F-RSIN 1/144 Martin 202
|Scott Van Aken
|Short run. Allegheny Airlines livery
Glenn L. Martin, president of the company, intended that the Model 2-0-2 would be a replacement for the Douglas DC-3. It was also known as the "Martin Executive".
The first flight of the model was in November 1946. Full civilian certification was gained in August 1947, several months before competing aircraft types. The total production of 2-0-2s and 2-0-2As was 47 aircraft.
The aircraft was not pressurized, but was considered a long-range airliner. The fatal crash in 1948 of Northwest Airlines Flight 421 revealed a serious structural problem in the wings. Structural metal fatigue was the problem in a major wing spar. Alloy 7075-T6 was used, which is susceptible to stress-corrosion cracking and low toughness. The airliner was grounded and modifications were made. The wing components were redesigned and the engines replaced. The changed type was designated the Martin 2-0-2A.
Allegheny Airlines (IATA: AL, ICAO: ALO, Call sign: ALLEGHENY) was a U.S. airline that operated out of Pittsburgh, Pennsylvania, United States, from 1952 to 1979. It was a forerunner of US Airways, now merged into American Airlines.
F-RSIN started by offering resin kits of a variety of aircraft, usually airliners. They still do this but have developed a line of short run plastic kits as well. Their kits are ones that are not for the weak of heart as they have large sprue gates, ejector towers on many parts, flash of some level on every part and often you'll find bits that are short shot. In many ways, similar to Mach 2 kits.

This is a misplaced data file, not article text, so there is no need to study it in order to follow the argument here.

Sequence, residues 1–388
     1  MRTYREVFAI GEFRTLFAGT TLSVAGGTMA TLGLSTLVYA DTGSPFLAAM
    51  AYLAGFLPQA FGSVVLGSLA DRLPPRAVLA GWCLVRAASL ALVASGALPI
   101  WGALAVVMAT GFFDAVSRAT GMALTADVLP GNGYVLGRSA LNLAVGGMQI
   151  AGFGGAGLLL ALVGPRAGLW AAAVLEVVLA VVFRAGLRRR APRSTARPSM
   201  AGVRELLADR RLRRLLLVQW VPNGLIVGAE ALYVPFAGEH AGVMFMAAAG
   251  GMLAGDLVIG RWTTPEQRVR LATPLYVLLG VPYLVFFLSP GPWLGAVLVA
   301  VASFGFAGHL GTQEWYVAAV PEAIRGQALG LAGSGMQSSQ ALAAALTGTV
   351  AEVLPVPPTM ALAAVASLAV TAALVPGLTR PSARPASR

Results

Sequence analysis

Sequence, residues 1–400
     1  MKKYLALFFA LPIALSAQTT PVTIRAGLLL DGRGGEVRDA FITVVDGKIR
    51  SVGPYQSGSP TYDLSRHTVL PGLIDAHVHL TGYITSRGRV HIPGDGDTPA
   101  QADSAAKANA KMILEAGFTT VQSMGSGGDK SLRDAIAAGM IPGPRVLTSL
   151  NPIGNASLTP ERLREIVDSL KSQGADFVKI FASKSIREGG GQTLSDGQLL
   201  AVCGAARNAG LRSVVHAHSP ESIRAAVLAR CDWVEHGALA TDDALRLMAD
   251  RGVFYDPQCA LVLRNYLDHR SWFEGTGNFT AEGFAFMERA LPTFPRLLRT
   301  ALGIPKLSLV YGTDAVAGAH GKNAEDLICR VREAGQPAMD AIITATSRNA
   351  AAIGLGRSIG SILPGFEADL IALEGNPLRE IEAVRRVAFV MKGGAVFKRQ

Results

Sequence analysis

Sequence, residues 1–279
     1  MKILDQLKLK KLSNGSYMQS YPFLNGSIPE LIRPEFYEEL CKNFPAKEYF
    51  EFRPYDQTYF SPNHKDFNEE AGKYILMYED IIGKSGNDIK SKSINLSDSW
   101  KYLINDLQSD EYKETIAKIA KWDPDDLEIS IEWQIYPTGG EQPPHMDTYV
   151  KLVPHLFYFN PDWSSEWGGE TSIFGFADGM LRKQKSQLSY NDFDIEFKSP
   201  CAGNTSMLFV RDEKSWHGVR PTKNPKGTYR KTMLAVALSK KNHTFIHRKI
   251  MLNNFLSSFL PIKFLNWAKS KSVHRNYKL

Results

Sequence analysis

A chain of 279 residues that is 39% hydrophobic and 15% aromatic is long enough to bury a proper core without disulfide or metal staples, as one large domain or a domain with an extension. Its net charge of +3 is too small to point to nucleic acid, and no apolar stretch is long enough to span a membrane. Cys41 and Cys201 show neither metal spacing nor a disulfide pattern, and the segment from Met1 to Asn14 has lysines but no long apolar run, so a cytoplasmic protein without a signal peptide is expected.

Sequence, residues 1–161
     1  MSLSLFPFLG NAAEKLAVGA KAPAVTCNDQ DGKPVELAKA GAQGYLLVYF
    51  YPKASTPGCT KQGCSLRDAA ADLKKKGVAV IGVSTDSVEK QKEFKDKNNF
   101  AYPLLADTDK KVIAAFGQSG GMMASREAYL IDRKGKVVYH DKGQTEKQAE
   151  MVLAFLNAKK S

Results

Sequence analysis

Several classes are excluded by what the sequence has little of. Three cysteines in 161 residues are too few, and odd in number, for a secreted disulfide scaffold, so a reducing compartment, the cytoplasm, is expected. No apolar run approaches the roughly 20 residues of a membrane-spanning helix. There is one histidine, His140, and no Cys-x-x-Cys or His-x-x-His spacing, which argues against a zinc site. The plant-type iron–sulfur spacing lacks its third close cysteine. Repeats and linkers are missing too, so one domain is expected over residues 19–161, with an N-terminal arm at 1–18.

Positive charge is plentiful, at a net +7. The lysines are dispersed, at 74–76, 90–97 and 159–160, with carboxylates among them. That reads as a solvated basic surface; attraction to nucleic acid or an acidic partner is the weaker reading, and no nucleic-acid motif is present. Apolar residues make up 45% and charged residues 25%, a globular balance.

Once you get past all that, you'll find that the kits are not complex to build and once you have finished cleaning up parts, they go together fairly well. This kit offers a variety of radomes as you can see. There are no transparencies with all the windows being provided on the decal sheet. No indication of nose weight is offered in the instructions but you will need a goodly amount. Fortunately, there is a lot of room.
The kit offers the rear air stairs in a deployed position, despite there being zilch provided for the interior. Mine has one of the side supports short shot. Though the kit does not offer a decent retracted covering for this feature, I'll be building this with it raised.
Instructions are a single folded sheet with a history of the aircraft in French and English on one side. On the other is an exploded view of assembly. Despite the parts being numbered on the sprue, they are not in the assembly view. There is a full color decal placement profile for the two different schemes carried while in Allegheny service. This aircraft was also converted to a cargo hauler by Allegheny and you can build one of those as well if you so desire. The decal sheet has been printed on a laserjet printer so that means the white parts are missing. Not an issue if you have carefully masked your kit while painting. The sheet appears to be covered with a single coating of clear so all the markings will have to be closely cut prior to application. I would test one marking you won't be using to ensure that you don't need to apply another clear coat.
These kits are not impossible to build, but will take careful construction and constant test fitting to get the best results. I am pleased to see kits of these sorts of aircraft released in injected plastic and would encourage those who are like minded to help keep the company going so we can see more of the same.
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